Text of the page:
Executing git add in post-receive hook

If you want to add files to index in the post-receive hook, you will find it is possible to execute normal git add just as you usually do in other client hooks. In the post-receive hook, to add files to index, you have to first reset the environment variable GIT_WORK_TREE to the right directory, then git add would act normally as what you wish.

A post-receive hook that adds files and makes a commit

Suppose your remote repository is a non-bare one. Below is a full example of a post-receive hook that makes a commit.

#!/bin/sh

# Set GIT_WORK_TREE to the upper folder of .git
export GIT_DIR=`pwd`; cd ..; export GIT_WORK_TREE=`pwd`

# Make a commit
git add 
git commit -m 'my commit'

Environment variables used in the script:

  • GIT_DIR, the location of the .git folder.
  • GIT_WORK_TREE, the location of the root of the working directory for a non-bare repository.

Resources

Git hooks on Windows

On Unix/Linux, a Git hook script has a special #! (called “shebang”) first line that is used to indicate which program should run the script. On Windows, normally the special shebang first line has no effect (as it’s treated as a comment). However, Git on Windows is able to recognize the shebang first line. Therefore, we add a shebang line in a Git hook script on Windows just as we do on Linux. Below are two Git commit-msg hooks that run on Linux and Windows respectively.

Git commit-msg hook example on Linux

#!/bin/sh

# This example just print "commit-msg" when you executes a commit.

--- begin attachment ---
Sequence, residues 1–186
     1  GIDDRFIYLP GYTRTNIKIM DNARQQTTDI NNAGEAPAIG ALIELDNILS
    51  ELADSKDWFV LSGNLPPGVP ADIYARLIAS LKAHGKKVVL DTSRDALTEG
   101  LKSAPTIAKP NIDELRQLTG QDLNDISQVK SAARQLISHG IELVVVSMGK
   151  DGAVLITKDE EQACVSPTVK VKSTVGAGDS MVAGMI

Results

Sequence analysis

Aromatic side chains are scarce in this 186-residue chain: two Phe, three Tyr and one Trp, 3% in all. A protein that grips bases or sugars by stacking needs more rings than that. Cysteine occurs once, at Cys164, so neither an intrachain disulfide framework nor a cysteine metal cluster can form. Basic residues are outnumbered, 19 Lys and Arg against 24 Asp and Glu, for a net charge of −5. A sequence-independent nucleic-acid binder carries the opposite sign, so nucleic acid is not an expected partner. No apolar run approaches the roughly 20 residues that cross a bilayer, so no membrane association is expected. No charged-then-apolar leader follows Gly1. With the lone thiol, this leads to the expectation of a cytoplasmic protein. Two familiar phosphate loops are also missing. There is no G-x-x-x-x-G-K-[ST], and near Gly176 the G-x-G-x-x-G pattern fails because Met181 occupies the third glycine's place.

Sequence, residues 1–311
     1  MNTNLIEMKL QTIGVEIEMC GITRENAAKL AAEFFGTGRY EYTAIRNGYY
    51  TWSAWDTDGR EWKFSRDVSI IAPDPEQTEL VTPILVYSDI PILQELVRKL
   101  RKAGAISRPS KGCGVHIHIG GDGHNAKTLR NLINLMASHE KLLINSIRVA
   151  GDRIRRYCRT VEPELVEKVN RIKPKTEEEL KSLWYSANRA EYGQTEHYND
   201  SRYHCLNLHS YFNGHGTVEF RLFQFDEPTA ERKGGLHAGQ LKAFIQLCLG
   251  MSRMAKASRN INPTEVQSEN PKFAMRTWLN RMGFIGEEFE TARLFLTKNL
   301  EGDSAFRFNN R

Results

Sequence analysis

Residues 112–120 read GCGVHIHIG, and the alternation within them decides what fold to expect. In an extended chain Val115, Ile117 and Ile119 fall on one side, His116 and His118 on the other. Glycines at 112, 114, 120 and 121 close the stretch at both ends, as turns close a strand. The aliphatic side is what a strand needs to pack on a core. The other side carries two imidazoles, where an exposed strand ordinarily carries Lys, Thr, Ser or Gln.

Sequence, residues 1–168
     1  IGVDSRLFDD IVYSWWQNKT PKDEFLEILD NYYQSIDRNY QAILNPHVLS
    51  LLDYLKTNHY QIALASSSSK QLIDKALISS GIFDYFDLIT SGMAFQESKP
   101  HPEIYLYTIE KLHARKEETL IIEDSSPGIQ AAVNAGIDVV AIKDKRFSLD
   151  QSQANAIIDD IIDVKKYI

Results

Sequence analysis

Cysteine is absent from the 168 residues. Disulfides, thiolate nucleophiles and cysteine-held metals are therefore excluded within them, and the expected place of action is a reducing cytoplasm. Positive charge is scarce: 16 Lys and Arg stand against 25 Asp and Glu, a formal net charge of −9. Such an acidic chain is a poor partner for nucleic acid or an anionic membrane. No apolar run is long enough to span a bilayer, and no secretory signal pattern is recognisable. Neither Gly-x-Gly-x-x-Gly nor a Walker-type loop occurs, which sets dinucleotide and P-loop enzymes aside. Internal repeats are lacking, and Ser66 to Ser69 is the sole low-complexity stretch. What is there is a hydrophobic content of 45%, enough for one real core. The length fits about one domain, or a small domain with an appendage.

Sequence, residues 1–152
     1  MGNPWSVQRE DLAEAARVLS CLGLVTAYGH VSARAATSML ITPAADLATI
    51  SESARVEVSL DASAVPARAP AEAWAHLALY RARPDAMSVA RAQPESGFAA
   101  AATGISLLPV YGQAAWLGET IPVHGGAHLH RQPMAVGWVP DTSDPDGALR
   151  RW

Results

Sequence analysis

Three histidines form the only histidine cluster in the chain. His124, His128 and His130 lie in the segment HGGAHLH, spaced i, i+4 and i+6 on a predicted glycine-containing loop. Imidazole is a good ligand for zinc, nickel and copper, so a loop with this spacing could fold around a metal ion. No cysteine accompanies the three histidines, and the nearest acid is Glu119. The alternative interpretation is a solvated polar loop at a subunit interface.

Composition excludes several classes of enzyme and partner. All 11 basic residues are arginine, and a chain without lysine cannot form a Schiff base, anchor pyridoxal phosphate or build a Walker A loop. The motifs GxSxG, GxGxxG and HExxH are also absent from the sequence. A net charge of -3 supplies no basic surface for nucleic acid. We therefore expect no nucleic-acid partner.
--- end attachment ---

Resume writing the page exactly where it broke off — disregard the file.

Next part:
echo 'commit-msg';
exit 0;

Git commit-msg hook example on Windows

If you are using Git for Windows, the bash script also works on Windows.

#!/bin/sh

# This example just print "commit-msg" when you executes a commit.

echo 'commit-msg';
exit 0;

If you still have problems, try below, but this script is not portable on other machines if the their bash locations are different with .

#!C:/Program Files (x86)/Git/bin/sh.exe

# This example just print "commit-msg" when you executes a commit.

echo 'commit-msg';
exit 0;

The first line indicate using Git’s shell to run the script.

A PHP Git hook example on Windows

If you want to write a hook in other languages like PHP or Python, just specify the language in the first line as below example. It is a commit-msg Git hook in PHP, it checks the commit message length, if it exceeds 52 then reject the commit.

Remember to add PHP to your PATH location.

#!/usr/bin/env php

<?php
/**
 * Check the commit message length, if it exceeds 52 then reject the commit.
 */

// Note the commit-msg hook's three arguments starts from index of 1.
// The first argument $argv[0] is the script file itself.
$msg_file = $argv[1];
$contents = file_get_contents( $msg_file );
$commit_msg = strstr( $contents, "n", true ); // First line in commit msg file.
if( strlen(  $commit_msg ) > 52 ) {
    echo "Commit message format error: The length of commit message '$commit_msg' exceeds 52.";
    exit( 1 );
}
exit( 0 );

Save the content in above example in a file named commit-msg and put it in your git repository’s .git/hooks directory. Then you’ll see the effect by running the below command.

# The option --allow-empty allows an empty commit containing only a commit message.
$ git commit --allow-empty -m 'test commit-msg hook which checks the lenght of commit message'

Commit message format error: The length of commit message 'test commit-msg hook which checks the lenght of commit message' exceeds 52.